This kind of “totalitarian capitalism” as the Guardian review of the book calls it, is the hallmark of Buchanan’s thinking and would come to inform the entire agenda of the American right:
[I]n collaboration with business tycoons and the institutes they founded, developed a hidden programme for suppressing democracy on behalf of the very rich. The programme is now reshaping politics, and not just in the US.
Buchanan was strongly influenced by both the neoliberalism of Friedrich Hayek and Ludwig von Mises, and the property supremacism of John C. Calhoun, who argued in the first half of the 19th century that freedom consists of the absolute right to use your property (including your slaves) however you may wish; any institution that impinges on this right is an agent of oppression, exploiting men of property on behalf of the undeserving masses.
James Buchanan brought these influences together to create what he called public choice theory. He argued that a society could not be considered free unless every citizen has the right to veto its decisions. What he meant by this was that no one should be taxed against their will. But the rich were being exploited by people who use their votes to demand money that others have earned, through involuntary taxes to support public spending and welfare. Allowing workers to form trade unions and imposing graduated income taxes were forms of “differential or discriminatory legislation” against the owners of capital.
This oppression of the rich through unjust taxation which he defined as any form of taxation without 100% approval by all citizens was what Buchanan spent his academic and political career fighting with all he had at his disposal. This perverse definition of “freedom” as protection of oligarchy was so sacrosanct that he felt what the United States ultimately needed was a “constitutional revolution” that would bring to us what the good people of Chile were gifted by the Pinochet junta—a constitution with “locks and bolts” preventing any real collective power over the opulent minority.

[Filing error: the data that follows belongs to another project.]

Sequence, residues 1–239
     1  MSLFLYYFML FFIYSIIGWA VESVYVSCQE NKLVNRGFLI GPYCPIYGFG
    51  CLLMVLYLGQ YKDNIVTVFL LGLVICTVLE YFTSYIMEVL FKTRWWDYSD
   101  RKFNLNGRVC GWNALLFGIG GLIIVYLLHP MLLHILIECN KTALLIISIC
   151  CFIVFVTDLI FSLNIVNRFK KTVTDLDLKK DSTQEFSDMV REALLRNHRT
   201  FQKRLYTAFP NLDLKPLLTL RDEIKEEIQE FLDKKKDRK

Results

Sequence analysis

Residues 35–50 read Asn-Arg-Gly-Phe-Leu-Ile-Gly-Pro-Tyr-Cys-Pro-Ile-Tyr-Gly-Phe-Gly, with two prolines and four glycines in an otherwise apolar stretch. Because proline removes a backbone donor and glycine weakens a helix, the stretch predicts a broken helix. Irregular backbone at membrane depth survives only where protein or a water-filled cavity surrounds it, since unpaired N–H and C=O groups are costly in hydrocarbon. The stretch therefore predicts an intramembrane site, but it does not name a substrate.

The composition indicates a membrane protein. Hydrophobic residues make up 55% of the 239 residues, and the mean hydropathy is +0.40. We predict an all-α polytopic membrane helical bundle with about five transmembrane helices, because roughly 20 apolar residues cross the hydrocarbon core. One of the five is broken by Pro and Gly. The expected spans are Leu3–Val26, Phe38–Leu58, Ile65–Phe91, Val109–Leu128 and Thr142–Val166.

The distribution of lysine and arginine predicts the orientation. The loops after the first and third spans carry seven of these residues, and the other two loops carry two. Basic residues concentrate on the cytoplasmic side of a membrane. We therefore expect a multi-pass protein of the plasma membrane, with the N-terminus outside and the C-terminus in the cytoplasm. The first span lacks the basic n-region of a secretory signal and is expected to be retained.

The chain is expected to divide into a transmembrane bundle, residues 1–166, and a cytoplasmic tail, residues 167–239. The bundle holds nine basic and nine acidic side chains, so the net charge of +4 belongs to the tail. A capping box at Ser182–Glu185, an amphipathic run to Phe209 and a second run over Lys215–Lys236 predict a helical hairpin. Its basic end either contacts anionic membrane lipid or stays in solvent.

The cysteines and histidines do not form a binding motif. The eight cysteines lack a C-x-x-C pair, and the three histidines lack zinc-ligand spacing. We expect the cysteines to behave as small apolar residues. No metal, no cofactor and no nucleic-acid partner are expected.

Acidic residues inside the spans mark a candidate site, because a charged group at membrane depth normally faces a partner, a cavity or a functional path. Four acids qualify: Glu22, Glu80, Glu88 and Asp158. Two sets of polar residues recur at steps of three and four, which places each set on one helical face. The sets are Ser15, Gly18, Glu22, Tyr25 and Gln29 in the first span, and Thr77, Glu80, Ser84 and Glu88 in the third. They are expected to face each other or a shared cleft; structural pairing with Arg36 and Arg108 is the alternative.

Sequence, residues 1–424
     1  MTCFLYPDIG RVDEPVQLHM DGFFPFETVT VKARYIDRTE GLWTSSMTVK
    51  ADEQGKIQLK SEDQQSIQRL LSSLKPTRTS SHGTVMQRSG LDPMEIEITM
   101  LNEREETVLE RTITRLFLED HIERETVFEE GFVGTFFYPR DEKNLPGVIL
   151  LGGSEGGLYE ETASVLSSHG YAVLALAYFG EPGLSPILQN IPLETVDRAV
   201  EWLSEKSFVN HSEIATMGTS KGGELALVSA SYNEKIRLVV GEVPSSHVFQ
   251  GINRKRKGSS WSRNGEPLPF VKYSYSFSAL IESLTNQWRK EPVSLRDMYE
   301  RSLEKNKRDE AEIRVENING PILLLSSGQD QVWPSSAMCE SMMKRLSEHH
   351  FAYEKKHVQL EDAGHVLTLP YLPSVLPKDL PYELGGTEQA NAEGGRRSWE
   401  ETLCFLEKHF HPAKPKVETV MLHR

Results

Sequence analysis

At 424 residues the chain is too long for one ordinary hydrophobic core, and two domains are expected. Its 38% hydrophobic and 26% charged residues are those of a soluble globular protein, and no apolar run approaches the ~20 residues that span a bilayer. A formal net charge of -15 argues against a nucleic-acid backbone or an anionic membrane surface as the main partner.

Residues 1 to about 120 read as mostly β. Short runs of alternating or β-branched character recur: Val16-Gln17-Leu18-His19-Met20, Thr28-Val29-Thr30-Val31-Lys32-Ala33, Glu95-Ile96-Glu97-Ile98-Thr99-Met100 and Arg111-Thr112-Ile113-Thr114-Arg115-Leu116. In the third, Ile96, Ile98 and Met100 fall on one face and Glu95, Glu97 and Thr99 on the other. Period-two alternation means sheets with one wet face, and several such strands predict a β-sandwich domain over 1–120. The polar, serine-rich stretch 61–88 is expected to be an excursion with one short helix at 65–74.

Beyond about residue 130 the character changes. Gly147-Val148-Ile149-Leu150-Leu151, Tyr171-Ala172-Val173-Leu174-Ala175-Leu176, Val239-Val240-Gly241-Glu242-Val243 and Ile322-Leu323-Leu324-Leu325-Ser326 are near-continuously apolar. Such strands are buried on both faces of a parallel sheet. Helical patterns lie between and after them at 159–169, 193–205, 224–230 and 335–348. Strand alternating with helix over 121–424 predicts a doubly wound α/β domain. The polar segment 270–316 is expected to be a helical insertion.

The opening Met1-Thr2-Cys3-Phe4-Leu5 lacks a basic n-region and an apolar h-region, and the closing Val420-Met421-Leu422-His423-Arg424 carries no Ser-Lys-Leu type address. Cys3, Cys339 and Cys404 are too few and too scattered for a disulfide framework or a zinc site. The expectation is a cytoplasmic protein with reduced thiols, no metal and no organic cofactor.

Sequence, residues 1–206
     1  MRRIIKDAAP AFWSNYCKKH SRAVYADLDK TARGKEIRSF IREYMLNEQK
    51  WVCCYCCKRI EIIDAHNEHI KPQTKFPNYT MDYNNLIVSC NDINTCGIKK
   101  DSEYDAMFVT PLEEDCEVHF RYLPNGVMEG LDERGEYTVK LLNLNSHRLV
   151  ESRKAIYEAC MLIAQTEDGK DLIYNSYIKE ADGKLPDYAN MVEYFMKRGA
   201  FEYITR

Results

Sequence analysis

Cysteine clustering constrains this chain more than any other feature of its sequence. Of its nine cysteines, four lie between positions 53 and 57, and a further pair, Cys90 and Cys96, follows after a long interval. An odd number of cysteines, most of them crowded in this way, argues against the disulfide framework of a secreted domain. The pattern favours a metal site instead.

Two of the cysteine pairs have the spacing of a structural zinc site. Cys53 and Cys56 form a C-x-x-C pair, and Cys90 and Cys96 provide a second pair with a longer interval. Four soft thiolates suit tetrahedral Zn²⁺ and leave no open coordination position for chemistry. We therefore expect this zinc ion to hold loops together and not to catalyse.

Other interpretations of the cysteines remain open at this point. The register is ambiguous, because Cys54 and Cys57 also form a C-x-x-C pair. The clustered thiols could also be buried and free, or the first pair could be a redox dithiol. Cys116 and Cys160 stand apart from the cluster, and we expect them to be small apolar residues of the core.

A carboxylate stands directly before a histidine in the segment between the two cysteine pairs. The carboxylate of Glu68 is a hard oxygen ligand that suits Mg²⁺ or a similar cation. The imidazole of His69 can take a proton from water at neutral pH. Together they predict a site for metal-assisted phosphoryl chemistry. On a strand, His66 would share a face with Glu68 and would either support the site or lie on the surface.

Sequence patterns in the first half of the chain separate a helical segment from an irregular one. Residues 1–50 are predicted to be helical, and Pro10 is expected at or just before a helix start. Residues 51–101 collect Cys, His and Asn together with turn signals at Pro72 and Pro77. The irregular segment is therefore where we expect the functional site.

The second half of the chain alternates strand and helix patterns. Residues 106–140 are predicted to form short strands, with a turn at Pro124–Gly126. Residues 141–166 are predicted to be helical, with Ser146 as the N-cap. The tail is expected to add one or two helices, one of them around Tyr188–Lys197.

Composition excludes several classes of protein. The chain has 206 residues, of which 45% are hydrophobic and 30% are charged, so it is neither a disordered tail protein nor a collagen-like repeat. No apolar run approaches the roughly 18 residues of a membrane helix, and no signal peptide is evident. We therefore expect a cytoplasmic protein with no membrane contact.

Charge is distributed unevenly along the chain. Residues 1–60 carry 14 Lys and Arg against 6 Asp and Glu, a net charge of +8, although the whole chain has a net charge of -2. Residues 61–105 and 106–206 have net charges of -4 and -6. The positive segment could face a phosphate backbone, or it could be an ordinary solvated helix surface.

Sadly, as horrifying as this all sounds, MacLean doesn’t allow her readers to comfortably imagine that this program is something that is lurking in the dark margins of the American right. As the Guardian piece smartly observes, Buchanan’s history is simply “the missing chapter” that illuminates not the nature of the fringe but rather the current mainstream of American politics brought to us by Buchanan’s most eager students, Charles Koch and his vast network of allies who have taken over the Republican Party, USA:
Through the network of think tanks that Koch and other billionaires have sponsored, through their transformation of the Republican party, and the hundreds of millions they have poured into state congressional and judicial races, through the mass colonisation of Trump’s administration by members of this network and lethally effective campaigns against everything from public health to action on climate change, it would be fair to say that Buchanan’s vision is maturing in the US.
Of course, none of this was ever on any ballot but that was by design. As MacLean ably documents, the stealth strategy of those following Buchanan’s playbook is to never tell the truth. Hence, we are never offered a choice between utterly unregulated dog eat dog capitalism and democracy, instead, we are sold one disingenuously packaged “market reform” after another until the evil that is the public sector is small enough to, as Grover Norquist once said, “drown in a bathtub.”
What will be left is a Social Darwinist nightmare where the obstacles of empathy, the collective interest, and the public good are nothing but quaint relics of the past.